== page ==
DirtyPCBs adds full range of steel and framed stencils



Stencils for solder paste and red glue are now available in a bunch of standard sizes for solder paste/red glue dispensers. You can choose from all the options offered by our favorite stencil maker:

  • Purposes: Solder paste for surface mount component reflow process. Red glue for two-sided or through hole board wave soldering process
  • Alignment: quarter points for automated dispensers, and through hole for hand application
  • Polishing process: hand sanded (for most stuff) or electrolytic (for BGA footprints)
  • Engineering options: your paste layer (untouched), auto (China standard), auto with approval by PDF

We’ve been playing with the Neoden4 pick and place machine in a mini production line and needed a better way to order stencils with advanced options. Give us a shout if we missed any options you need!

DirtyPCBs site update with encrypted https connections



DirtyPCBs.com now supports secure, encrypted access with https://DirtyPCBs.com. We used a free certificate from Let’s Encrypt and the process was almost painless. You’ll need to add the ‘s’ to the address manually to access the secure version of the site.

Https may become the default eventually. It’s trendy to force everyone onto https these days, but China targets https traffic for slowdowns and blocking. The Shenzhen office has a much better experience using the non-encrypted http version so we’ll keep it around.

Bus Pirate PCB build


Ben Kazemi shares his latest build a Bus Pirate v3.6a PCB.  The Bus Pirate is an open source hacker multi-tool that talks to electronic stuff.

My latest build – i have to say the yellow soldermask is prettier than it looks on the photos, i also like to think i earnt something special for having ENIG pads :p

Get your own handy Bus Pirate for $30, including world-wide shipping. Also available from our friendly distributors.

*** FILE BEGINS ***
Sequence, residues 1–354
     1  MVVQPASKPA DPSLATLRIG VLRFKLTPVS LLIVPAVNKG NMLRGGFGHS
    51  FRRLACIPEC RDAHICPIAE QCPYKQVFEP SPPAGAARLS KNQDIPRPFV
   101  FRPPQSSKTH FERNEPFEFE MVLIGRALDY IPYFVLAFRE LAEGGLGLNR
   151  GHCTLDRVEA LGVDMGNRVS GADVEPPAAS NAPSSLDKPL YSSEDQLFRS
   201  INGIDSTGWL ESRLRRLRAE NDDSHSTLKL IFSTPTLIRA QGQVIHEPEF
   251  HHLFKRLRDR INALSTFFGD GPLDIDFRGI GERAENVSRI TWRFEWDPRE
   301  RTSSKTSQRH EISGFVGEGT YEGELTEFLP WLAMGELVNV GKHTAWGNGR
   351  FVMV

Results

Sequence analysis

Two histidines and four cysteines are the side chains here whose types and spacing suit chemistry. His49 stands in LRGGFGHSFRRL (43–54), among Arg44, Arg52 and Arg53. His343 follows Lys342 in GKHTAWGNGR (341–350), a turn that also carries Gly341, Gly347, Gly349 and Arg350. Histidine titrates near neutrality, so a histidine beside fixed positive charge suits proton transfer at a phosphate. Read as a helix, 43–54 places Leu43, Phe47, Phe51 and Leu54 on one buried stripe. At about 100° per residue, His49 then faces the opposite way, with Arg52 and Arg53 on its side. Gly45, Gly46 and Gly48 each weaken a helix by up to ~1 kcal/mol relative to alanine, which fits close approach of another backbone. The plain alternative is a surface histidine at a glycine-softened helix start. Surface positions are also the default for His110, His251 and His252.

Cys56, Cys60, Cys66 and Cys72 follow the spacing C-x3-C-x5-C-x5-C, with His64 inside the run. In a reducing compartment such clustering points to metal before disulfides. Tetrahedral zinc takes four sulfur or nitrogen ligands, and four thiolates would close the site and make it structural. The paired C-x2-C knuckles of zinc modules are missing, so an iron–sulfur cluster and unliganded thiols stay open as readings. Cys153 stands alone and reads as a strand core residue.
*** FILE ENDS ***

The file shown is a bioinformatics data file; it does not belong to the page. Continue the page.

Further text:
Bi-directional voltage level translator – Board house test


Lukas Fassler from Soldernerd shares his experience with DirtyPCBs:

I can think of a lot of situations where it could be useful. But the main reason for this project was to gain some experience with getting a PCB professionally manufactured by a board house. For several years I have done my own designs but I always milled and drilled them myself. This had pros and cons. I never had to worry about silk screens or solder masks because my boards never had any. On the other hand I suffered from the lack of plated-through holes. Vias were always a pain in the arse because I had to manually solder in pieces of wire to connect the two sides. And it was very difficult if not impossible to put a via below a component which made the layout challenging when working with ICs with many and/or tightly spaced pins.

More details at Soldernerd homepage.

Capacitive battery charger


Marcus Jenkins made a capacitive battery charger using Dirty Board PCB’s to revive rechargeable batteries:

This is really a basic, bare-bones circuit. I’ve prepared the PCB with a view that it could be used as a module in a rather more-sophisticated charging system. You could imagine using a microcontroller (e.g. Arduino, PIC, etc.) to monitor the battery voltage and disconnect the mains input to the charger module when voltage reaches a user-selectable limit. The microcontroller could also have a thermistor probe to attach to the side of the battery with elastic – a basic precaution to try and automatically disconnect in the case unreasonable temperature rise while charging.

Project info at Marcus Jenkins’ blog.  You can order PCB’s for this project here.